Now Bertolt limped along Magnus’ Road, away from the city center. The same young man was at his side, but he darted away to slap one of the drunken porters on the shoulder and offer his own toast to Karl Franz. The youth was as green as a goblin’s ass, but he had an easy way with people. Bertolt gripped the hammer icon under his heavy great coat and offered his own prayer to Sigmar. They were all toasting Karl Franz, but no mention of Luthor Huss or Valten. Bertolt had seen Sigmar reborn with his own eyes, and now he was meant to believe that he had been cast down? Possibly dead? The witch hunter could not believe it.

“Tydas!” Bertolt called to the younger man. It was starting to rain again. He flipped up the collar of his coat as the youth returned. He was not a witch hunter. He smiled too much. “We’re already late.” Bertolt growled as he picked up his limping gait again.

Tydas clapped him on the shoulder. “We’re almost there, old man. We could stop for a bit of this Vermintown swill, if you like? It would calm your nerves, I think.”

Bertolt didn’t know which was worse, that Tydas could be cheerful in the wet, nighttime gloom or the Kislevite accent that grated against the Stirlander’s ears. He was young. He should have been there too. “It won’t get you any closer to any woman worth groping.” Bertolt replied.

Tydas answered with a laugh. “Lighten up, Bertolt.” He practically draped himself off the witch hunter’s shoulders. Then he whispered in his companion’s ear, all the mirth drained out of him. “Everyone in this city is laughing but you. They’re watching.”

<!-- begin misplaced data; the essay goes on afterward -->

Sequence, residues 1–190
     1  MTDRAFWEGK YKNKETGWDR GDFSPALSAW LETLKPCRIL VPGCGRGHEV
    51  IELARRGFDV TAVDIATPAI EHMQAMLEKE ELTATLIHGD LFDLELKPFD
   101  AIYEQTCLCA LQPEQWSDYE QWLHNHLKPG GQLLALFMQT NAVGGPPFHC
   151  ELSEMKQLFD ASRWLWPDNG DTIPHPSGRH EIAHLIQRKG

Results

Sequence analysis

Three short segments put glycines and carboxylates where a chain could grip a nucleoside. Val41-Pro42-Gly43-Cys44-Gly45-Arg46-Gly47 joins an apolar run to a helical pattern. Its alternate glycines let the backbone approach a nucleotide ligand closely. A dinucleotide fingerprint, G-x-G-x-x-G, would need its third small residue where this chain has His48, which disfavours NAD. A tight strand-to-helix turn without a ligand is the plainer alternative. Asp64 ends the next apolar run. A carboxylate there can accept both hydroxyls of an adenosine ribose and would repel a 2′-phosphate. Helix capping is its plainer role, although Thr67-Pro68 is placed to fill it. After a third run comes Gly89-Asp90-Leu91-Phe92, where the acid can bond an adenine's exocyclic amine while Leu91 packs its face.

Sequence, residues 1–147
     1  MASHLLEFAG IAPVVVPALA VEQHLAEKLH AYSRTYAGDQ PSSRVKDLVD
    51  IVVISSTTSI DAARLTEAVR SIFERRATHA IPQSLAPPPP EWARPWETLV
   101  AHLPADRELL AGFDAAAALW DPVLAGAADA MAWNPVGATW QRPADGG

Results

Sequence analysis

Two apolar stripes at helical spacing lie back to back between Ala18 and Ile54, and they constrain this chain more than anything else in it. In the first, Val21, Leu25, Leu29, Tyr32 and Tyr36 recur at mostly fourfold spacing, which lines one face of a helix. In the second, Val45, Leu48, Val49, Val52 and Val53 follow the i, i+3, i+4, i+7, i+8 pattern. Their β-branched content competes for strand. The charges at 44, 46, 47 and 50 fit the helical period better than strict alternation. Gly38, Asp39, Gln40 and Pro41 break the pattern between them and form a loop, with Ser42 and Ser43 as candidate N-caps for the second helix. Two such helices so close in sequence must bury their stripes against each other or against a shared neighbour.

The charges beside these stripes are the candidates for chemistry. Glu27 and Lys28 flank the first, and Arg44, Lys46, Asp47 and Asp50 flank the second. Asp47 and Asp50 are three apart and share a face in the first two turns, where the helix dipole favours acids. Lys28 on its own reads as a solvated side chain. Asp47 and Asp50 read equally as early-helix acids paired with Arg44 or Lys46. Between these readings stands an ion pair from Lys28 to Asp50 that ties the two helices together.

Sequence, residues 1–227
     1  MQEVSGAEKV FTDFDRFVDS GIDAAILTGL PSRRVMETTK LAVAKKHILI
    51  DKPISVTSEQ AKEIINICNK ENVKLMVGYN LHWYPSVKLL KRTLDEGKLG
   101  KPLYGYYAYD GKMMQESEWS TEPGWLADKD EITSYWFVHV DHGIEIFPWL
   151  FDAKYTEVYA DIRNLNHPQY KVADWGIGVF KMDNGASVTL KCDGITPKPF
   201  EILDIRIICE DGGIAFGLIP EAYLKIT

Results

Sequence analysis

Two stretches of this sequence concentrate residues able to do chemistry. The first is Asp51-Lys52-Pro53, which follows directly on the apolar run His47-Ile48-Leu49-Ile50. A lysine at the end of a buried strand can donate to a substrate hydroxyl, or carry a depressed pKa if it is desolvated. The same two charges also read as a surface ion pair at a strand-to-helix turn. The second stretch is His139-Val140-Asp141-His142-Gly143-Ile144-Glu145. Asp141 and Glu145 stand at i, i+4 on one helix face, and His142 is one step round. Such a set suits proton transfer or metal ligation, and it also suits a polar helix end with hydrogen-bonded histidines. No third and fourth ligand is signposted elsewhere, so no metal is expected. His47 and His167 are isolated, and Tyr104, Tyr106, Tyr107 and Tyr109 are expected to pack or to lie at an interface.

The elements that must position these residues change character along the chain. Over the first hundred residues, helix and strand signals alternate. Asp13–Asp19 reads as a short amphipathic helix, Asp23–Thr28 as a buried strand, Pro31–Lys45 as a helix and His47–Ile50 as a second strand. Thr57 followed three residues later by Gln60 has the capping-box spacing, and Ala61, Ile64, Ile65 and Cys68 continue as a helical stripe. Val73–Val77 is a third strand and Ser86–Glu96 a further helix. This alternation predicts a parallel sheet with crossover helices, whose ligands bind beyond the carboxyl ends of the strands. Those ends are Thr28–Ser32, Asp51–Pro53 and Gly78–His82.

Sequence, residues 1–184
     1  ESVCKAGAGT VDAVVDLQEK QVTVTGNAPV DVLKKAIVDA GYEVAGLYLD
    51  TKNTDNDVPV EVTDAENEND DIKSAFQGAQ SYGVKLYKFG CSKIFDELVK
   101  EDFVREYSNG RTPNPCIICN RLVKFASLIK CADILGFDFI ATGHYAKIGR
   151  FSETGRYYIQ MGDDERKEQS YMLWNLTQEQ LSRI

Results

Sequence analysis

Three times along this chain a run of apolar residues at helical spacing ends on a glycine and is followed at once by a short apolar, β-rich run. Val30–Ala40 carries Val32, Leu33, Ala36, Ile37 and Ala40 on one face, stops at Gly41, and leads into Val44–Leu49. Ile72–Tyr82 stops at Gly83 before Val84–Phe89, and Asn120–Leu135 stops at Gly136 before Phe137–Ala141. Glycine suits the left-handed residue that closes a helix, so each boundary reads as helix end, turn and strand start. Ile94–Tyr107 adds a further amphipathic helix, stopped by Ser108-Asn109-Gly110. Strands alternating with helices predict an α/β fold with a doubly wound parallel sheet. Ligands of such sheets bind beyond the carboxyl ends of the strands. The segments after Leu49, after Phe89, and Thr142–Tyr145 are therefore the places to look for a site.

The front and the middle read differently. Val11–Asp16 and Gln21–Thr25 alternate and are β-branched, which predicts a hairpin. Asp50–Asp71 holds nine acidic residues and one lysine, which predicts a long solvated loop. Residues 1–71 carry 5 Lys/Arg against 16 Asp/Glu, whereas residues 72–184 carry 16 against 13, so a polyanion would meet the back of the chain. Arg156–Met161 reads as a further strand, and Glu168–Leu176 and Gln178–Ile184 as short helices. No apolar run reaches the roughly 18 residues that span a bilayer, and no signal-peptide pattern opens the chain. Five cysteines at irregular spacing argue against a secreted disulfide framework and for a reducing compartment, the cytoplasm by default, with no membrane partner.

The witch hunter immediately began to look over the dark windows that lined the street. Tydas gave him a squeeze. “Just smile.” He said again, before laughing himself. Bertolt couldn’t bring himself to do that, but he did smile. Tydas was right; a little alcohol would have loosened him up. Or made him weep. The bottle was a fickle thing.

Together they seemed to wander the city streets aimlessly, further and further from the crowds that thronged the main thoroughfares. But they never took a side street that they didn’t intend to. It was early morning by the time they crossed into the yard of an old Sigmarite temple. Bertolt’s leg was beginning to seize up, but he kept pace with the younger man. He turned to look at the old temple. Part of him wanted to go inside and pray, and fall on his knees and ask forgiveness for all the good men dead while he was still stumbling around. Karl Franz’s army had survived. The mass of common, pious men who followed Valten? When he asked people who knew, they averted their eyes. Perhaps when he was done he would return and preach himself. The Empire would be in need of holy men.